The quarterly services deficit also contributed to the narrowing current account deficit. Services exports rose, as a higher per visitor spend more than offset declining numbers of inbound tourists and services imports fell due to lower transport costs associated with lower import volumes and fewer overseas trips.

... and the investment income deficit was relatively stable

The largest component of the current account, the deficit on investment income, grew to $3.3 billion from $3.2 in the previous quarter. We had expected falls in world interest rates to lead to a decline in outflows and, while this did not eventuate in the March quarter, it may become more evident in the future. Outflows from foreign investment in New Zealand did fall (eg, lower dividend payments) but were more than offset by a fall in income from New Zealand investment abroad.

New Zealand’s net international debt position increased to $177 billion (an estimated 98% of GDP), from $167 billion (93% of GDP) in December 2008. A net capital inflow of $2.0 billion contributed to this increase, but the biggest contribution was from net valuation changes of $7.2 billion reflecting falls in global share prices and changes in financial derivative contract values. The recovery in world equity prices in the last few months may see some of the rise in the net debt position reverse out in the June quarter.

Trade to drive deficit lower

Overall, the current account deficit was close to our Budget forecasts. Our forecasts predicted the current account deficit to fall below 7% of GDP by the end of the year as the annual goods balance moved into surplus over coming quarters.

Recent data showing a marked widening in New Zealand’s trade surplus over recent months supports this view. The trade surplus in May grew to $858 million from $319 million in April, the largest surplus as a percentage of exports since 1993, driven again by a fall in imports. In annual terms the trade balance remains in deficit by $3.1 billion, but is well down on the $5.6 billion deficit in the year ended December 2008. May trade figures showed exports to China almost doubled from a year ago on stronger dairy and forestry exports. While some of the rise in exports may have come from a fall in stocks, which will be a negative for GDP growth in the June quarter, it will still help the current account deficit contract. However, falls in stocks are one-off in nature and significant headwinds in the form of a rising exchange rate, higher oil prices and higher global interest rates reduce the prospect of a larger fall in the current account deficit. Moreover, with most of the contraction occurring on the imports side a stronger rise in exports is needed to ensure the contraction is sustained when domestic demand recovers.

Terms of trade continue to move lower

The merchandise terms of trade fell 3% in the March quarter as export prices slumped 8%, the largest quarterly fall since December 1957, outweighing a 5% fall in import prices (Figure 3).

Figure 3 - Merchandise terms of trade
Figure 3 - Merchandise terms of trade.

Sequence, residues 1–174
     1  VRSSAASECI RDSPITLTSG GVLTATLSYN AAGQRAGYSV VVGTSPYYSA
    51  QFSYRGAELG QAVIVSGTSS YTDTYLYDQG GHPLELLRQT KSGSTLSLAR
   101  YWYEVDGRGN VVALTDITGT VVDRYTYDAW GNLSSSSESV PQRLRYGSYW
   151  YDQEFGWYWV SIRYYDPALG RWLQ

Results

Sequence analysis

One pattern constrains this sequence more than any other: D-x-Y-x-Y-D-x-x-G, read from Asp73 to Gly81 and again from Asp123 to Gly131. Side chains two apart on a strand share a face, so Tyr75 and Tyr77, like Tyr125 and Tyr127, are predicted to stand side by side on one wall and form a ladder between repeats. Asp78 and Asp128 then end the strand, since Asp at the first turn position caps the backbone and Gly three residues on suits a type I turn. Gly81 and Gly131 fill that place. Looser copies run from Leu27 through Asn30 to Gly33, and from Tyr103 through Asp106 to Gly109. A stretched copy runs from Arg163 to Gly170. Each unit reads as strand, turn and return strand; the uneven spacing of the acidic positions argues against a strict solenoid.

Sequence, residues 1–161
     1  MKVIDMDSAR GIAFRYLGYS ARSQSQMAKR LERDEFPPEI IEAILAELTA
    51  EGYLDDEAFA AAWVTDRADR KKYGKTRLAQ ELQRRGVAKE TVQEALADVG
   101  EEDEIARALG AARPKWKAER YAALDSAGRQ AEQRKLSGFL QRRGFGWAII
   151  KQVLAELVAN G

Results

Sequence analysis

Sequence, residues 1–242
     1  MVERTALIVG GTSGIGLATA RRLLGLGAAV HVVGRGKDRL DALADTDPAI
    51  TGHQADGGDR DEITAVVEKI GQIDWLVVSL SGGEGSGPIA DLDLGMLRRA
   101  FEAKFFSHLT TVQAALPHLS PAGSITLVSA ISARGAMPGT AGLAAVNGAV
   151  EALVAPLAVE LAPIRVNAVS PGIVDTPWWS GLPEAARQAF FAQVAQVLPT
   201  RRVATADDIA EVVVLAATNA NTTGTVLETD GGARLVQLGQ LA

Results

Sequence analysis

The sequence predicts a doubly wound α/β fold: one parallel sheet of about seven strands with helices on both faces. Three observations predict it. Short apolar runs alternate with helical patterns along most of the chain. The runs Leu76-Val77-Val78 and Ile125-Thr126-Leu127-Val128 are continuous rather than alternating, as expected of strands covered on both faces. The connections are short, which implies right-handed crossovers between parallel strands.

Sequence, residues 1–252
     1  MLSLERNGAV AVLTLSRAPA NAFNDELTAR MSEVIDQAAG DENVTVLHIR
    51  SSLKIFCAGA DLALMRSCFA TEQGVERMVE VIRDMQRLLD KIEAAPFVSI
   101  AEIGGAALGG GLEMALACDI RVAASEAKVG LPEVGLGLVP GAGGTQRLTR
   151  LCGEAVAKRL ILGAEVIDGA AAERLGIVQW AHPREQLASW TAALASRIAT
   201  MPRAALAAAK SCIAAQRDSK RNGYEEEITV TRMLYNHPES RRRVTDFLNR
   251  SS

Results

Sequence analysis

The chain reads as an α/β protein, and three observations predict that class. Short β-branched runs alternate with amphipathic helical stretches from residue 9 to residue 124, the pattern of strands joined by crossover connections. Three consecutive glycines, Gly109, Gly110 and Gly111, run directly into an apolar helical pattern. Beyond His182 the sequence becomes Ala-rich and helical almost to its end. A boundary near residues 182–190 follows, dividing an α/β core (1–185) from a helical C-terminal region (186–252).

Source:  Statistics NZ

Lower dairy and aluminium prices (both -21%) were the primary cause of lower export prices and largely reflect the lagged effect of lower world commodity prices. The decline in import prices was mainly the result of lower petroleum product prices (-36%), and more than offset the exchange rate-driven rise in consumption and capital goods import prices.

Overall, the fall in the terms of trade is a little greater than we had anticipated, as oil prices were higher than expected and commodity export prices proved weaker. The ANZ commodity price index showed a 5% rise in world commodity prices for exports over the June quarter, although a stronger currency more than offset these gains. The stronger currency over the June quarter will also help push import prices lower, which will help moderate the downward trend in June.

June quarter data points to stabilisation …

The National Bank Business Outlook’s (NBBO) headline business confidence measure increased to a net 5.5% of firms expecting general business conditions to improve in the next year, up from a net 1.9% in May and the highest reading since May 2002.

Firms' own activity expectations, which give a better indication of GDP growth prospects, also rose. A net 8.3% of firms expect their own activity to improve in the next year, up from 3.8% in the previous month, signalling that the economy may not contract for the seven consecutive quarters we forecast in our Budget Update (Figure 4).

Figure 4 - Business outlook and GDP
Figure 4 - Business  outlook and GDP.
Source:  Statistics NZ, National Bank

Export expectations picked up slightly to a net 11% of firms expecting higher export volumes in the next year. The outlook for residential and commercial construction rose more sharply to a net +22% and +4% expecting more business respectively, adding further to evidence that the housing market has begun to stabilise. House sales are up over 40% from May last year and the trend for dwelling consents has been rising for four consecutive months. This rise is in line with our view that housing will cease to be a drag on growth in the second half of the year and contribute to stabilisation of the economy. However, prices will likely to continue to fall.